Job Training

Findings from Three New Studies of Youth Employment Programs

November, 2018

Over four million young people in the United States are “disconnected,” meaning they are not in school and are not working. In the past few months, studies of three programs aimed at such young people have released new findings. This brief discusses these findings and their implications.

Four-Year Results from the National YouthBuild Evaluation

May, 2018
Cynthia Miller, Danielle Cummings, Megan Millenky, Andrew Wiegand, David Long

YouthBuild serves more than 10,000 young people each year at 250+ organizations nationwide. In a random assignment study, the effects observed after four years on education and work indicate that the program provides a good starting point for redirecting otherwise disconnected young people, but one that could also be improved upon.

Final Impacts and Costs of New York City’s Young Adult Internship Program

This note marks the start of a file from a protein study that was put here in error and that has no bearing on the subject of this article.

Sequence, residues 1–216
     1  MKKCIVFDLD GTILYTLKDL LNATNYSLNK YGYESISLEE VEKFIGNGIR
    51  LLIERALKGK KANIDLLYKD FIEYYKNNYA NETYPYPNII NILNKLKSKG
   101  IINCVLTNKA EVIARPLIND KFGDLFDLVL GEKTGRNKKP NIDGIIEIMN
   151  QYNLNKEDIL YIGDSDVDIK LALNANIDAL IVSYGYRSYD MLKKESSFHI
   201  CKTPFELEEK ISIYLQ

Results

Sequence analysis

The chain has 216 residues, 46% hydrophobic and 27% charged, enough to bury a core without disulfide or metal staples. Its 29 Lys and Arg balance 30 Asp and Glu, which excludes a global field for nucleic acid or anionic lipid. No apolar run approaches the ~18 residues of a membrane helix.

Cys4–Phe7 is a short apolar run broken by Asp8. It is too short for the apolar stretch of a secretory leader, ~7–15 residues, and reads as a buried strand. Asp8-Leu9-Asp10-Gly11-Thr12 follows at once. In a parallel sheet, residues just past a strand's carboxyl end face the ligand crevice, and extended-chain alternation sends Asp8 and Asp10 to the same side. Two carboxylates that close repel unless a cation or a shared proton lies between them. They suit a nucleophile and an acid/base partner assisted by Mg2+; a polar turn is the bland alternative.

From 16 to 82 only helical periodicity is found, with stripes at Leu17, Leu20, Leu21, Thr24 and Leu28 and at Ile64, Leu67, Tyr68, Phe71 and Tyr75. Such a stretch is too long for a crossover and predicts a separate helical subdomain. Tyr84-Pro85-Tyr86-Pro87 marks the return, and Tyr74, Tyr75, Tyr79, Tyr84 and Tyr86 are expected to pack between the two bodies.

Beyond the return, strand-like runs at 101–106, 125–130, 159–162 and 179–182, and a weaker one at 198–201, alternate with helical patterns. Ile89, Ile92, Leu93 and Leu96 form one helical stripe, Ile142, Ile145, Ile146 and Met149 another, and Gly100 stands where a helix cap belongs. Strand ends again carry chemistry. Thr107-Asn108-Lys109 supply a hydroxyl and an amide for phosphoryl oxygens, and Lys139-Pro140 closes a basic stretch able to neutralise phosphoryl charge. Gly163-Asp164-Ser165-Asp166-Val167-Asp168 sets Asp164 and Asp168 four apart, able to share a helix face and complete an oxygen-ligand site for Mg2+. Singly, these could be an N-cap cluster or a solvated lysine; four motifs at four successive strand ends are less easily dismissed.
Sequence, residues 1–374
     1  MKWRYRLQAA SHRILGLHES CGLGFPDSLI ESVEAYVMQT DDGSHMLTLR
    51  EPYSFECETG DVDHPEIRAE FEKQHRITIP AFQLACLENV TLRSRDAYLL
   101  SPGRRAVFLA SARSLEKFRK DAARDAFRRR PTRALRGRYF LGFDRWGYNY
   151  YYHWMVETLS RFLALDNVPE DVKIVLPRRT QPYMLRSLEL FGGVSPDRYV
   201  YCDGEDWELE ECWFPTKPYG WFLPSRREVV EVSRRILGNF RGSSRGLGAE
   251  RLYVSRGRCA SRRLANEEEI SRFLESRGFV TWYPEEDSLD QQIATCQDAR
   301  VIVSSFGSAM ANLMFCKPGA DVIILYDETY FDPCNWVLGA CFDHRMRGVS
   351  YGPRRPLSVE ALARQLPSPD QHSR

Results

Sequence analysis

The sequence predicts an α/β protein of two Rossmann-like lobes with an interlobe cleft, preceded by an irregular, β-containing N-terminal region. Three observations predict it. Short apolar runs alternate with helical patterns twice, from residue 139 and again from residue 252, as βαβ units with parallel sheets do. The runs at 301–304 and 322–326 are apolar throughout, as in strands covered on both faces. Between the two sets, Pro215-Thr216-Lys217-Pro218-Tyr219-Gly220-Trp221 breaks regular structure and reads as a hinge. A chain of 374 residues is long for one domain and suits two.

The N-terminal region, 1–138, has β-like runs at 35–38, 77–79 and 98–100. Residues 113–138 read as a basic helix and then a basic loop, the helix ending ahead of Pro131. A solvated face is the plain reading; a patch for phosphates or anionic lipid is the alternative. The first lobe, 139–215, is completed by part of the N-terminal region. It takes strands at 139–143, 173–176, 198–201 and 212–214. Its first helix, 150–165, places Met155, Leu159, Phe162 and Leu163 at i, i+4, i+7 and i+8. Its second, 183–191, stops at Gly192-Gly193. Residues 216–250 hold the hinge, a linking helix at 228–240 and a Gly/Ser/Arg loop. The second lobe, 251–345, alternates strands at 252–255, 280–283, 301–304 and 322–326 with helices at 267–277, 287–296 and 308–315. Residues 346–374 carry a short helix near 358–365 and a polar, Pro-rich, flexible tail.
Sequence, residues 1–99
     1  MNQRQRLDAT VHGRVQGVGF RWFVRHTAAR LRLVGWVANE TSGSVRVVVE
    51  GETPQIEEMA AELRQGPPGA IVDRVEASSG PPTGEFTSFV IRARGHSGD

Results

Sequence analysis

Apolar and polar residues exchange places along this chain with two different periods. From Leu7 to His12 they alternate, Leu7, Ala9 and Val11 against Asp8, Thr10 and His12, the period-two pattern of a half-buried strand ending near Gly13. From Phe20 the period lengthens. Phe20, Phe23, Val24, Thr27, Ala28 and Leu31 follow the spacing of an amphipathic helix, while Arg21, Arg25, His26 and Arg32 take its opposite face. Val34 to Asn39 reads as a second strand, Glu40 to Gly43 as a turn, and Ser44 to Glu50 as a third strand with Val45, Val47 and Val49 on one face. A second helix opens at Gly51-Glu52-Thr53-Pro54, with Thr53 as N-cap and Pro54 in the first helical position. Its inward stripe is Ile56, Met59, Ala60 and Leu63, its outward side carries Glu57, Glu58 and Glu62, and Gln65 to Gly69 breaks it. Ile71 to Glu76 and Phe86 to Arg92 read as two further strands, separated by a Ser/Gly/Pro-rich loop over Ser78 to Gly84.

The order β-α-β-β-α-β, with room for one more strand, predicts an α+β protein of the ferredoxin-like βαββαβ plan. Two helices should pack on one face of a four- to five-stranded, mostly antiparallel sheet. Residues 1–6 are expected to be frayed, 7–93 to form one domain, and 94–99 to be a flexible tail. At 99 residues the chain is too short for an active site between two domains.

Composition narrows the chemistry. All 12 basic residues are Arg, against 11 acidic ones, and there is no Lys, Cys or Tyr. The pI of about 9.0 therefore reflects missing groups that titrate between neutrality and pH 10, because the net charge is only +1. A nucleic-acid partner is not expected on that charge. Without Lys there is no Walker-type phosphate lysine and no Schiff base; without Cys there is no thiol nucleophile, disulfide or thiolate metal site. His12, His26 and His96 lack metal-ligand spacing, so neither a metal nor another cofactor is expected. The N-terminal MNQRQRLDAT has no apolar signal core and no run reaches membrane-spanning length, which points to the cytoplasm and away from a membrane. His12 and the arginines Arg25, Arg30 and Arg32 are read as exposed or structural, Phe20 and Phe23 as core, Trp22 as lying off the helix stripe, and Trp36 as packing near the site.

August, 2018

This report presents 30-month impacts from a random assignment evaluation of a program that subsidized employers to offer temporary paid jobs to young people who were disconnected from school and work in New York City. After 30 months, program enrollees and nonenrollees fared similarly, with the former slightly more likely to report employment.

The Experience of a New Program for Young People Involved in the Juvenile Justice System

June, 2018
Michelle S. Manno, Hannah Wagner

STRIVE International engaged MDRC to help the organization improve a new program model aimed at increasing educational attainment and employment of young adults involved in the juvenile justice system. This Issue Focus describes the partnership and offers advice to organizations implementing new programs on how to build evidence of effectiveness.

Findings from the Changing Attitudes and Motivation in Parolees Pilot Study

May, 2018

A training program for parole officers in Dallas, Denver, and Des Moines sought to address the persistently high recidivism rates among individuals leaving prison. This study’s results show that officers generally already knew many of the curriculum’s concepts, and changes to their practices were limited.

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